Cheap fun eats in Tokyo


Tokyo can be expensive, but there are many cheap, filling restaurants that are popular with the city’s denizens. I saw some great spots on this trip, but didn’t have enough time to go in. There was the ramen shop right off the tracks at Hamamatsu-cho, where bowls of noodles were just ¥300 or 400. We saw some yakitori stands that offered unique cuts, cheap. And there’s many a pork don stand that’s cheap, tasty and filling.

I decided to kick it up a small notch to the equivalent of lunch in downtown Honolulu. Here are a couple of places I found:

Shigoto  Uma, or "Work Horse."

Shigoto Uma, or “Work Horse.”

The first time I had horsemeat sashimi, Mari Taketa scolded me for eating a horse … that was most likely named bluebell. Well, horses are popular in Japan, and Shigoto Uma caters to a large crowd every day. They are not squeamish! Head to Suidobashi station and ask directions on where to go. It’s out of the way but not hard to find.

The most popular lunch special combo is ¥950.

The most popular lunch special combo is ¥950.

They are so popular that they have you look at menus outside while you wait, and take your order there.


There’s something about being seated with the (fake) horse head staring at you…


And here’s the lunch special: for ¥950 you get green salad, seaweed soup (not pictured), choice of beverage, horse meat “hamburg,” and dessert. There is rice in the vessel underneath. Oishiiiiiii!

For those of you who were wondering, it tastes like beef! No gaminess or guilt.


Later that day I went to meet chefs Keith Endo and John Iha at their hotel near Kamata station, and my instagram friend Jeff Ha, who comes to Tokyo often and stays near Kamata, suggested I try a robata sushi bar at the train station. Go into the department store Granduo and catch the elevator to the sixth floor. There’s only one sushi bar — Midori — and put your name in (there is usually a wait).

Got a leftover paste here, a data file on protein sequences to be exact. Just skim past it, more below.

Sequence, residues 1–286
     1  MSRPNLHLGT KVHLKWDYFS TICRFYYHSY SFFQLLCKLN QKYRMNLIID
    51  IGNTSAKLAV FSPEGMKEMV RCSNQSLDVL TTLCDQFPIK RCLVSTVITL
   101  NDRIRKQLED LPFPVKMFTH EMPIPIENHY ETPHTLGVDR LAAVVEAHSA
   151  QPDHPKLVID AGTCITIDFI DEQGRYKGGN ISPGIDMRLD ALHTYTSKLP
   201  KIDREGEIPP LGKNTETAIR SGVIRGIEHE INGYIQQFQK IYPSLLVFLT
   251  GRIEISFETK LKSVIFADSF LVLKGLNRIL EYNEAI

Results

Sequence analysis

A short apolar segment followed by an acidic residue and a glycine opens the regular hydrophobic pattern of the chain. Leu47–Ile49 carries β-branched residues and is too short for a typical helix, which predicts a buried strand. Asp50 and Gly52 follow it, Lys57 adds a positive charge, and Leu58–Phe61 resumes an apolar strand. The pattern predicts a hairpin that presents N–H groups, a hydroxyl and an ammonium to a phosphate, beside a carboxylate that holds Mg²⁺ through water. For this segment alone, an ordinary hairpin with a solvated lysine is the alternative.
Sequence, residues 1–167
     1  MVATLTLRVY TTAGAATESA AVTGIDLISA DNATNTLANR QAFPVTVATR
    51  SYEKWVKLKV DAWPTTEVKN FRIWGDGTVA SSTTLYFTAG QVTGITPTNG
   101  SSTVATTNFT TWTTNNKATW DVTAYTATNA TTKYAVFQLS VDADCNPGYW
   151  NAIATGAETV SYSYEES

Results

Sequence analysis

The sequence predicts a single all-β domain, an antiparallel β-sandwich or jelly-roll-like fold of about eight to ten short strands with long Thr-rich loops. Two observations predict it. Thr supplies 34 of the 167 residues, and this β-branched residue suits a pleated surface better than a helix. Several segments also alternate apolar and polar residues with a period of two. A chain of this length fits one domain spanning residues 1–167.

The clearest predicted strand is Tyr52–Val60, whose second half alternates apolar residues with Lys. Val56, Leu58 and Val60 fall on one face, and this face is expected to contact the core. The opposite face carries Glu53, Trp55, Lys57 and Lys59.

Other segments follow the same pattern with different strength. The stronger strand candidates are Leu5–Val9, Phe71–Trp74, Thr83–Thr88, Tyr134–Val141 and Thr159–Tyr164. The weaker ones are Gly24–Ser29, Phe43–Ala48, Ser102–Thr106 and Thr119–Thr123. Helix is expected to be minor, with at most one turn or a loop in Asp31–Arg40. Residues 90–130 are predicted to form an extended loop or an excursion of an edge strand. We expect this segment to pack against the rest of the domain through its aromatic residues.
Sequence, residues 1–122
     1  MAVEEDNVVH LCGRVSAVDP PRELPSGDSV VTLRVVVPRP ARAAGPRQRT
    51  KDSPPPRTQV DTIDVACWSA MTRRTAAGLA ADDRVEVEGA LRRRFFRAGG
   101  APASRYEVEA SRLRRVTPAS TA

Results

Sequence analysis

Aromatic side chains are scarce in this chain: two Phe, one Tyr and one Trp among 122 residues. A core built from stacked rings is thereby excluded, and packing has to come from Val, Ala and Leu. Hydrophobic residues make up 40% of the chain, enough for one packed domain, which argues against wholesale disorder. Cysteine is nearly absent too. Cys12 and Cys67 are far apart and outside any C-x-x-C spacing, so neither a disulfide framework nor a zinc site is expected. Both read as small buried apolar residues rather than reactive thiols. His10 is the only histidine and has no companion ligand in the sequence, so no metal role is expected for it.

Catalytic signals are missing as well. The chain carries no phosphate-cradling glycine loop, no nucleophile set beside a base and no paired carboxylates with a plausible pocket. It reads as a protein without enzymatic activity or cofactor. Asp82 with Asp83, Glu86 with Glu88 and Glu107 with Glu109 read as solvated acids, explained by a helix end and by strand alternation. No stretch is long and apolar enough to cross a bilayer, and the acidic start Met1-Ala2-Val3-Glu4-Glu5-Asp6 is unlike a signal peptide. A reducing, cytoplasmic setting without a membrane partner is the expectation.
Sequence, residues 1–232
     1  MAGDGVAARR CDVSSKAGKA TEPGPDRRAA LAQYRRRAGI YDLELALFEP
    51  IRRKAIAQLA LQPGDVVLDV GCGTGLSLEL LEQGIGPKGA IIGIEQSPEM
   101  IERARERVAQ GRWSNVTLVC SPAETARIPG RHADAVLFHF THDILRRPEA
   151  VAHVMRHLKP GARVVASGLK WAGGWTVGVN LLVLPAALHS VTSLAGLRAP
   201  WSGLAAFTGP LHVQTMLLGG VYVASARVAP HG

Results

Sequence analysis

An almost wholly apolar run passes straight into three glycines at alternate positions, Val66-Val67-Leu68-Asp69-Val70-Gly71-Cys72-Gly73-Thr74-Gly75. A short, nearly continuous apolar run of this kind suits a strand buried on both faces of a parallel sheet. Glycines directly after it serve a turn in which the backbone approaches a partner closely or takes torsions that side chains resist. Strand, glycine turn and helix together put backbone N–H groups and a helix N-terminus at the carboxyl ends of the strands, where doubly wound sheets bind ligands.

Cost for this four-plate snack? ¥1180. And it was really good, too! Some of the pieces were too big to shove into your mouth at once.

Somewhere under the tracks at Yurakucho station.

Somewhere under the tracks at Yurakucho station.

That night, we attempted to find Yakitori Alley (under the Yurakucho tracks) but it was raining so hard, it was hard to see and hard to navigate. We ended up close to it, at a place called Gyu-Maru..



The first item in the alley: Natto cheese bowl. But not any cheese…this place used parmesan! What a concept. It added saltiness and a different depth of flavor.


Chef John Iha is not a fan of natto!

Assorted grilled meats at Gyu-Maru.

Assorted grilled meats at Gyu-Maru.

They also got their first taste of grilled horumono and rumen. Yum!


The guys actually went back to Kamata later and had more yakitori, which they said was cheap and awesome. (This is not the place, I’m just showing you their happy faces.)

And that was it for that rainy day! We did more eating at Tokyo Station, but you’ve seen me do that before! You can see more of my photos from this day, here. Or click here to see the whole trip.

Up next: Exploring Omotesando and more!